Mass murder at a sunny college campus in a beach town would normally be considered “newsy,” but Elliot Rodger’s massacre at the University of California-Santa Barbara last Friday is getting surprisingly little press.
This is not a good case for liberals: The killer was an immigrant, a person of color, and the majority of his casualties resulted from attacks with a car or knife. It makes as much sense to rant about the NRA as to blame the Auto Club of America or the National Knife Collectors Association.
Rather, what we have is yet another mass murder committed by a schizophrenic — just like those of Seung-Hui Cho, Jared Loughner, James Holmes and Adam Lanza.
Yes, they all used guns. Also, they were all males. They were all college-aged. They all had hair. Those are not distinctive characteristics.
When the last five mass murderers share something that only 1 percent of the population has, I think we’ve found the relevant common denominator.
Rodger had been seeing therapists since he was 8 years old. Just last year, his psychiatrist, Dr. Charles Sophy, prescribed him Risperidone, an anti-psychotic. But after looking up what Risperidone was for — schizophrenia — Rodger decided “it was the absolute wrong thing for me to take” and never did.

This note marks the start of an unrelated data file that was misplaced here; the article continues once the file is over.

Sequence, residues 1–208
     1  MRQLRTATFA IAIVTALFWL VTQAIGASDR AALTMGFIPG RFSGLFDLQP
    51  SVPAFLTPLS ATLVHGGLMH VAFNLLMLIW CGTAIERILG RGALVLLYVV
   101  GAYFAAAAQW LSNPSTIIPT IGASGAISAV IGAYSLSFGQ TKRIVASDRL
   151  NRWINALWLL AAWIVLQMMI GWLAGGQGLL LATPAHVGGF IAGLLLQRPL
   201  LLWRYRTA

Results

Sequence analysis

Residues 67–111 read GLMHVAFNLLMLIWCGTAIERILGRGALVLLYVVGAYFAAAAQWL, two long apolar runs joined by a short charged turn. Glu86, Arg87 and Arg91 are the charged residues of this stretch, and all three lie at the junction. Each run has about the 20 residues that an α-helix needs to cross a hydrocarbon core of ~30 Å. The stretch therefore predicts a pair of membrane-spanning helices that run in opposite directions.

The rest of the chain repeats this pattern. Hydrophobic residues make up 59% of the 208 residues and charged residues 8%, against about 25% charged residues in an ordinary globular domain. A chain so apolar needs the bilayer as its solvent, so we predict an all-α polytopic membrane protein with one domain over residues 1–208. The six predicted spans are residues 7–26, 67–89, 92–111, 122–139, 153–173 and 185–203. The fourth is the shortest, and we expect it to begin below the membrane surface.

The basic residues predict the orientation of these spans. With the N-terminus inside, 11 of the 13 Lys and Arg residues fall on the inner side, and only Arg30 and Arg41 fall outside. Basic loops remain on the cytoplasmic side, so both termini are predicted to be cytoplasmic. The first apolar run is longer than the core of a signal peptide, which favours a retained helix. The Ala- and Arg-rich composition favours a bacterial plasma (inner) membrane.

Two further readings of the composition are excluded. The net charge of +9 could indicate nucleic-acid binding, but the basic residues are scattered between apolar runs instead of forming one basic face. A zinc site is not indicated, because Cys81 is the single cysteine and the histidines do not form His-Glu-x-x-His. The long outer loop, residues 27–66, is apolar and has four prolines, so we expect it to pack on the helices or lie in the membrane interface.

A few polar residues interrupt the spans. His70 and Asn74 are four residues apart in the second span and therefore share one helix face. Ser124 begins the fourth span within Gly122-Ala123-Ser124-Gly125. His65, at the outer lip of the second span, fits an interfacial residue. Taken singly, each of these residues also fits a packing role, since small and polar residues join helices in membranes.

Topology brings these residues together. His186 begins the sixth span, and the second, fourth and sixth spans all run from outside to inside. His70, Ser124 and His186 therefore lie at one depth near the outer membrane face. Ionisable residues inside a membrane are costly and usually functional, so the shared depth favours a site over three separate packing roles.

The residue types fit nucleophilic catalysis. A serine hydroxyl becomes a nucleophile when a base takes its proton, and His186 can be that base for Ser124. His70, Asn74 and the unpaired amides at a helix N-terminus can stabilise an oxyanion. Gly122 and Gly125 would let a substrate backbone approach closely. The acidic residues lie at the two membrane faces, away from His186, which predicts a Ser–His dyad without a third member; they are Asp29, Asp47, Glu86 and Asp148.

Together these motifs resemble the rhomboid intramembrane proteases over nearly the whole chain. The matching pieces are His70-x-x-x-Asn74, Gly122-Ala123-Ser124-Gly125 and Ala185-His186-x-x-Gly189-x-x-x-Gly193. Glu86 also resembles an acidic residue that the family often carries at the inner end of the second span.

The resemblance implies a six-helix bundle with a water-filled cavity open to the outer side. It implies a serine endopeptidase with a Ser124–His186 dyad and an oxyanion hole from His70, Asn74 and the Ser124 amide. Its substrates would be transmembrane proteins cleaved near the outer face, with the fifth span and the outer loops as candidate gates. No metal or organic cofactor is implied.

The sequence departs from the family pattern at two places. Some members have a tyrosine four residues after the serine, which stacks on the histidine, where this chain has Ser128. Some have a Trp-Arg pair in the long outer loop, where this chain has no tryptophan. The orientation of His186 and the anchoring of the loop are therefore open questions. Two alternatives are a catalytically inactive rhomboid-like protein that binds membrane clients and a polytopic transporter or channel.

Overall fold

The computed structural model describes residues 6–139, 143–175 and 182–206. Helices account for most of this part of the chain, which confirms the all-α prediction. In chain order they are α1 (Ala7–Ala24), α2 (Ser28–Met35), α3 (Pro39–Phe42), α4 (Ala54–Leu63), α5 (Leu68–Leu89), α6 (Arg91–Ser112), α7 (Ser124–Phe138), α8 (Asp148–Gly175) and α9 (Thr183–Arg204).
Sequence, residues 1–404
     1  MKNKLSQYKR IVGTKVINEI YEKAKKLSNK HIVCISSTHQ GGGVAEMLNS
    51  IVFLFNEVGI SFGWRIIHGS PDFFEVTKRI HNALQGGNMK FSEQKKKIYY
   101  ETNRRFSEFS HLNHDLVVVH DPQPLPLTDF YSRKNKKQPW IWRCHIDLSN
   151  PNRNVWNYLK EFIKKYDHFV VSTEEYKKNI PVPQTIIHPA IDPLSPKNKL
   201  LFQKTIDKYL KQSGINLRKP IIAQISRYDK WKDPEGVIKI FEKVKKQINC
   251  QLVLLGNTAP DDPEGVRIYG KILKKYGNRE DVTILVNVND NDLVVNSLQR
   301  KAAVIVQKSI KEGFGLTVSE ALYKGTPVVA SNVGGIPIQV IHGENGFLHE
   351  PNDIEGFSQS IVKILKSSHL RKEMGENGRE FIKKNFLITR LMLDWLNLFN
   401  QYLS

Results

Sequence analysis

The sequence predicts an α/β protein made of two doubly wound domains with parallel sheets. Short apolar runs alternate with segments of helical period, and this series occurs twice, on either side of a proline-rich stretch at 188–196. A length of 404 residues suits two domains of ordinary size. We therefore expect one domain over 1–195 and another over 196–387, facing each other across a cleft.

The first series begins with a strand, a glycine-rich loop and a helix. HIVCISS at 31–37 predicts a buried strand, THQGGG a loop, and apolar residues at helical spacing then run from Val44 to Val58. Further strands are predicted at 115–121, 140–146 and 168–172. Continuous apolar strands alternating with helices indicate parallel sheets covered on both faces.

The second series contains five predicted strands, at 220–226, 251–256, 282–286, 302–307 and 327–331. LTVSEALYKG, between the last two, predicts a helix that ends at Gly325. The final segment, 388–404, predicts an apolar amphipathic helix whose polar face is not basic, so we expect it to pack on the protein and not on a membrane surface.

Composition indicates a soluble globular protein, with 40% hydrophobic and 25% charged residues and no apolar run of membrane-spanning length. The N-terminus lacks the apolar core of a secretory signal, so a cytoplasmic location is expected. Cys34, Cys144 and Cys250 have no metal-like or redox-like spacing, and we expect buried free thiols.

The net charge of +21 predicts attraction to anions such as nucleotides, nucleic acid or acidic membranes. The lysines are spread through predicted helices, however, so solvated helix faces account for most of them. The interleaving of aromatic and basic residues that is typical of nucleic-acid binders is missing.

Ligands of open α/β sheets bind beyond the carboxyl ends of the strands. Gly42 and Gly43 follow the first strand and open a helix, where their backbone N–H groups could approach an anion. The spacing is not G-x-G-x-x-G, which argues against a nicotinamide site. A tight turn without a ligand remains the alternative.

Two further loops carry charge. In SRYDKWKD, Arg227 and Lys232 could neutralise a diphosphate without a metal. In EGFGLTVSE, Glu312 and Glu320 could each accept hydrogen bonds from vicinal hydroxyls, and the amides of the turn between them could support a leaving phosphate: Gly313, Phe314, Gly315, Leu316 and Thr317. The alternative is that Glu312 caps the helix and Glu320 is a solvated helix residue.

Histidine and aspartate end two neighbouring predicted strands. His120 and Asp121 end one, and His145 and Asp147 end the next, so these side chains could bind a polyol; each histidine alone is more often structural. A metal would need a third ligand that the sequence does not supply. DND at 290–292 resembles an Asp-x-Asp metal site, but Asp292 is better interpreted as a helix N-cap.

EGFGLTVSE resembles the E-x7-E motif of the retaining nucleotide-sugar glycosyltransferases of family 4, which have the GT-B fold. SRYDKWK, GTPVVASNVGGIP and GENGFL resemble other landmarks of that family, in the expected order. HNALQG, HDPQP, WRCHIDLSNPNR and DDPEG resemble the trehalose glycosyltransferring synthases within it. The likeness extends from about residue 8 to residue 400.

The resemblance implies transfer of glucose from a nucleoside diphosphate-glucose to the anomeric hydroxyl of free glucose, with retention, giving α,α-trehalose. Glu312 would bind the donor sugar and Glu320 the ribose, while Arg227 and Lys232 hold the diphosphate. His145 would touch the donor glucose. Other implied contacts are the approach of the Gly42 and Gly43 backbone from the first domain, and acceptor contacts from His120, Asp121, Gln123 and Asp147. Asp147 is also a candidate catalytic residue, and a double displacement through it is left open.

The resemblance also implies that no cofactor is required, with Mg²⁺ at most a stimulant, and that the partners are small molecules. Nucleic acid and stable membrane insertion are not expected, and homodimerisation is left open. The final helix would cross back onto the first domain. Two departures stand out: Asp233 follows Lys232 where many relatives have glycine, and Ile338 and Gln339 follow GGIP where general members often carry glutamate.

See, that’s the thing about schizophrenics — they don’t think they’re sick. They think the lava lamp that’s talking to them is sick.
Rodger’s “manifesto” reads like Nikolai Gogol’s “Diary of a Madman” — generally recognized as the first description of schizophrenia, except it’s a little repetitive and not well-written, no matter what that “tech guru” says.
I’m one of the few who have read all 141 pages. It is a tale of increasing delusions, paranoia, hallucinations and wild, grandiose self-assessments. In other words, it is a slightly less whiny version of Obama’s first inaugural address. (How many pages does your manifesto have to be before we can force you to take your medication?)
Rodger says of himself:
— “I saw myself as a highly intelligent and magnificent person who is meant for great things.”
— “Becoming a multimillionaire at a young age is what I am meant for.”
— “I am like a god.”
— “This was the moment when the rise of the oceans began to slow and the planet began to heal.”
(No — wait … Last one was Obama.)
Rodger saw every female as a “tall, hot blonde” — and, this being California, that’s at a campus that’s only 50 percent white. He viewed all couples as his sworn enemies causing his suffering.
Although Rodger loved driving his car, he “soon learned the hard way” not to drive on Friday and Saturday nights, where he “frequently saw bands of teenagers roaming the streets.” They “had pretty girls beside them,” probably on their way to “get drunk and have sex and do all sorts of fun pleasurable things that I’ve never had the chance to do. Damn them all!”
At Santa Barbara City College, he dropped his sociology class on the first day of school “because there was this extremely hot blonde girl in the class with her brute of a boyfriend.” Rodger couldn’t even sit through the whole first class with them, merely for being a couple.